Archive - May 2013
While one family lives in Wapakoneta, there were a few local historical sites the Hasting family had never visited.
The “Be a Tourist in Your Own Hometown” event during the weekend encouraged them to do so.
“It sounded interesting and we get to see some local places we have never been to before,” said Susan Hasting, who visited seven of the 12 sites with her husband, Steve, and their children, Danielle, 11, and Trevor, 7.
The family made all their stops Saturday, although the sites could be visited Saturday or Sunday.
ST. MARYS — The finishing touches are being put on an event that will offer challenges for area anglers as well as a way to help improve the water quality in Grand Lake St. Marys.
The second-ever “Get the Carp Outta Here” tournament is scheduled to take place May 17-19 and will pit anglers against carp. Auglaize-Mercer County Conventions and Visitors Bureau (CVB) Director Donna Grube said the event is drawing interest from across the region.
Charlene A. Waterman, 80, of Wapakoneta, died at 11:37 p.m. Wednesday, May 1, 2013, at the Shawnee Manor.
She was born Sept. 13, 1932, in Lima, the daughter of Georgiana and Guy Walker, who preceded her in death. On Oct. 24, 1953, she married Thomas H. â€śTomâ€ť Waterman, who preceded her in death on Jan. 31, 2008.
Surviving are four children, Jay Waterman, of Lima, Jill (Tom) Clarke, of Leonardtown, Md., Jeff Waterman, of Spencerville, and Jon (Jamie) Waterman, of Wapakoneta; and three grandchildren, Travis Clarke, Jackson Waterman, and Justine Waterman.
Paul B. Brown, 80, of rural Wapakoneta, died at 4:30 a.m. Thursday, May 2, 2013, at the Auglaize Acres in Wapakoneta.
He was born Feb. 13, 1933, in Auglaize County, the son of Alodia (Oen) and Roy J. Brown, who preceded him in death. On June 14, 1961, he married Ruth E. Poeppelman, and she survives.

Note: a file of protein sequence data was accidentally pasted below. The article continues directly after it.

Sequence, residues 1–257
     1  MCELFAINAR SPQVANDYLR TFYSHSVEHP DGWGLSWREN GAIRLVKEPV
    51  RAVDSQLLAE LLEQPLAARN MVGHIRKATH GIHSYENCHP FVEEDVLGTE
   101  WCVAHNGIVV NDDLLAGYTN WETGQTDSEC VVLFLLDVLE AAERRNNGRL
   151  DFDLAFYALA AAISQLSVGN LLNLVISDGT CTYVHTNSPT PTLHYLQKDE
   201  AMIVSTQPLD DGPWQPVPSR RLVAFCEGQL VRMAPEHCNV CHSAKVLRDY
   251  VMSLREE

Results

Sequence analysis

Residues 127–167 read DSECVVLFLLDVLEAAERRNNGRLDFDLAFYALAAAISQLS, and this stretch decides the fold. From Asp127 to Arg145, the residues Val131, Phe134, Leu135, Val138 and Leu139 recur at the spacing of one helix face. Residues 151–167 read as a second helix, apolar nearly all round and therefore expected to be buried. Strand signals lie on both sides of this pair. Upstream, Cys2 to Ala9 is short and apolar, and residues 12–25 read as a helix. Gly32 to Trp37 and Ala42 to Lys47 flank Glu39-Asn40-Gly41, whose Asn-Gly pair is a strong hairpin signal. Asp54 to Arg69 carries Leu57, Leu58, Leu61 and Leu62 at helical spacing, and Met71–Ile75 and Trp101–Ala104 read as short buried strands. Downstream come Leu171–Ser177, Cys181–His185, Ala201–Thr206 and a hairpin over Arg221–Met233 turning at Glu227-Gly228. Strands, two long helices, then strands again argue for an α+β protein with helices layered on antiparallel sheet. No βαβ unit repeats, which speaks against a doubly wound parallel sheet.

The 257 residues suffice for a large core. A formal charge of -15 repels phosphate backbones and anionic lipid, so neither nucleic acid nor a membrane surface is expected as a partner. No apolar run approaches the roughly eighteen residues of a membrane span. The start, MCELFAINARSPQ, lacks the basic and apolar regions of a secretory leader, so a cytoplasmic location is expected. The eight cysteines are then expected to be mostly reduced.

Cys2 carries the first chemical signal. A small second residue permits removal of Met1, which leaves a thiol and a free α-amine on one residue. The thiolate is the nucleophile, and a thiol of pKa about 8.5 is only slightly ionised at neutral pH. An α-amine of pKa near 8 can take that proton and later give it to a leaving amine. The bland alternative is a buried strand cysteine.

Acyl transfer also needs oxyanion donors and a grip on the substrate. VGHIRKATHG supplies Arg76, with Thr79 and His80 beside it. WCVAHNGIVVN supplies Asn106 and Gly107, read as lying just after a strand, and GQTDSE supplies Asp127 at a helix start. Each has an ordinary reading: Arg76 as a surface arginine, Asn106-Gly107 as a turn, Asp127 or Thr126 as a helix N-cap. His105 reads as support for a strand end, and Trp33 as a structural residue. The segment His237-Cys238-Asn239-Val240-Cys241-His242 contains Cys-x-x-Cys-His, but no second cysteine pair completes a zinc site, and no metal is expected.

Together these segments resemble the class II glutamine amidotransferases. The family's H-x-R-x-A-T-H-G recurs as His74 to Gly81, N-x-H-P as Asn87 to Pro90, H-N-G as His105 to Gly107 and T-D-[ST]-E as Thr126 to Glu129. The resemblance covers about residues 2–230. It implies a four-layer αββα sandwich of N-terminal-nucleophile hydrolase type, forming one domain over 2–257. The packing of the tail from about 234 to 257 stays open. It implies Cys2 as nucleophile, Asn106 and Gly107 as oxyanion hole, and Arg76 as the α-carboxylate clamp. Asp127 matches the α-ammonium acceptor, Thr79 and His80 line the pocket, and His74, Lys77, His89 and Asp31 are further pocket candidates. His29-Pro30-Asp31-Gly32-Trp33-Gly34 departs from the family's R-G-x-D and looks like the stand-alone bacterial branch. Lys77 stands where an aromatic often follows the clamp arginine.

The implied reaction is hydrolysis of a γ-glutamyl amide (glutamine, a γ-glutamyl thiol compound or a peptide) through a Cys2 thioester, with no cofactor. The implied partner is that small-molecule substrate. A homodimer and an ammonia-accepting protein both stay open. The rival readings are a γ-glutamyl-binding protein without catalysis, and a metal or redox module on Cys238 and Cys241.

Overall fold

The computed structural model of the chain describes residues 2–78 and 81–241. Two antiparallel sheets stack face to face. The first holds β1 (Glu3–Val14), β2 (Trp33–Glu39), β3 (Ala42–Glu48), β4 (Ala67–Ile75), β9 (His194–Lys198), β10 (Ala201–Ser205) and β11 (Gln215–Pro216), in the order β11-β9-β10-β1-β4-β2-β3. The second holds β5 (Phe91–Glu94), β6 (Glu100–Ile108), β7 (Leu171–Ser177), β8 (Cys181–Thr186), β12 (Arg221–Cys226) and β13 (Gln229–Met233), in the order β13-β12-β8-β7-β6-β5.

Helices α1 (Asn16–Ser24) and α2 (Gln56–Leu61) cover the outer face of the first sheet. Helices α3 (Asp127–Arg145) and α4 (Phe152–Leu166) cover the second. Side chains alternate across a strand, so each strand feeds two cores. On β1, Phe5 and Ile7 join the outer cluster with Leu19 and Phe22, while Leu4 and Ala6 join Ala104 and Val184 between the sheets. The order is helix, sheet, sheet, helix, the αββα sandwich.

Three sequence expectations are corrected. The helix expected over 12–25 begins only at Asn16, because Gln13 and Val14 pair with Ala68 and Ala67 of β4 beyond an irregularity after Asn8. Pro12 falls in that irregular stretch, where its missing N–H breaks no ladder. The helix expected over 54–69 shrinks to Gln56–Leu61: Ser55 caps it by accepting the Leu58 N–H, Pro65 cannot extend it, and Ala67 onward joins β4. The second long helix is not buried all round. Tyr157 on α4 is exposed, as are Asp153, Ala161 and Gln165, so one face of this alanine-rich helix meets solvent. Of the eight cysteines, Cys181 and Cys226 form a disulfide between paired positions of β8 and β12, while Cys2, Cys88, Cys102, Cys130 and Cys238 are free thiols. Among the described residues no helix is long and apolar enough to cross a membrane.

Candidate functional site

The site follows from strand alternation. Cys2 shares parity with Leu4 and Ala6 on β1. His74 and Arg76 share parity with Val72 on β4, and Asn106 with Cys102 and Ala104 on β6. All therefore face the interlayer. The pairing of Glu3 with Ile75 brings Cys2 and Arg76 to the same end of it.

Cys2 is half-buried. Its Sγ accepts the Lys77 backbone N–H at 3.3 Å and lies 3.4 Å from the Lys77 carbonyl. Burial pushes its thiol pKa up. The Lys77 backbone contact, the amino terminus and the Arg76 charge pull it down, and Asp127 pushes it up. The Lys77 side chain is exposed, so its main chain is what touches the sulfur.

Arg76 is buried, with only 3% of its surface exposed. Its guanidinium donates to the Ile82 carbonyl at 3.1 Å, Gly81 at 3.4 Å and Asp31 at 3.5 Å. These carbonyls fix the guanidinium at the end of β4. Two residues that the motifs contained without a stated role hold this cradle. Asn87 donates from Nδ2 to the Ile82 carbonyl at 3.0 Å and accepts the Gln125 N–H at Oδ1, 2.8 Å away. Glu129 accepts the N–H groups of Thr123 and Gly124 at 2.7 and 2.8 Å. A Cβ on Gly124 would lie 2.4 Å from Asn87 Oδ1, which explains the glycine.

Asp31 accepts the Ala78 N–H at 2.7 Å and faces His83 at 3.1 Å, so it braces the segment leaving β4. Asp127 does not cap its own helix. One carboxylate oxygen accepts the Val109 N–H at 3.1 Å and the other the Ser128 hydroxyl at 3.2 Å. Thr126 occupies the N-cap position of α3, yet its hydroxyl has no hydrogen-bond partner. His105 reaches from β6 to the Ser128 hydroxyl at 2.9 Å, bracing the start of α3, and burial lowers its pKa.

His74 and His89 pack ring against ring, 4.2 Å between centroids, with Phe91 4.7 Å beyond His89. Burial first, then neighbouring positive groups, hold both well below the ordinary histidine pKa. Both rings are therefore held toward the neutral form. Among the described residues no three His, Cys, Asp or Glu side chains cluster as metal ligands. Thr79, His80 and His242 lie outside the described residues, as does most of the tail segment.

The Wapakoneta varsity softball team used a seven-run first inning to take care of business against the St. Marys Roughriders Friday afternoon.
Behind 13 strikeouts from Wapakoneta pitcher Renee Lovett, the Redskins cruised to victory 11-2.
While the impact seems to vary from store to store, business owners whose shops are located near the roadwork on East Auglaize Street reported their sales have been negatively affected.
The effect on business sales were described anywhere from mild to major, owners said, depending on the location of the shops in relation to the construction.
The Herb Ladies co-owner Treasa Vetrick said business has been cut as much as 50 percent since the road construction began.
WAYNESFIELD — A Waynesfield-Goshen student had an essay she wrote selected as the top in the state from among more than 200 students.
Linda-Carol Spencer, 15, a sophomore, had her essay named as the best among 15 students selected to attend the Ohio Statewide Laws of Life Essay Contest on April 25. The contest is sponsored by the Better Business Bureau’s Center for Character Ethics.
“I was so humbled to even be there,” Spencer said. “When I was named first place, well, I didn’t expect that at all.”
In the aftermath of the bombings at the Boston Marathon, the Ohio Emergency Management Agency (EMA) is asking that emergency responders statewide submit information on events planned in their jurisdictions.
“Everyone is kind of on edge again,” said Wapakoneta Fire Chief Kendall Krites, who serves as the chair of the Auglaize County Local Emergency Planning Committee. “Everyone’s sense of awareness is highly elevated.”
The Auglaize County Sheriff's Office is having intermittent phone outages on regular and 911 lines. Administrators have no estimated time when the lines will be fixed.
Sheriff Al Solomon would like to apologize for any inconvenience and would like to request your patience during this problem.
A representative at TSC in Wapakoneta said problems with phone lines earlier today were due to a switch. The problem has since been corrected. Problem were experienced throughout the county at other businesses and residents as well as the sheriff's department.
The decision by Wapakoneta High School administrators to enforce the dress code now that warmer weather — and less clothing — has set in has been met with some students and parents saying they should have been better warned.
Summer Griner was sent home from school Wednesday by school administrators after telling the sophomore her athletic shorts were too short and did not have pockets. She changed and returned to class.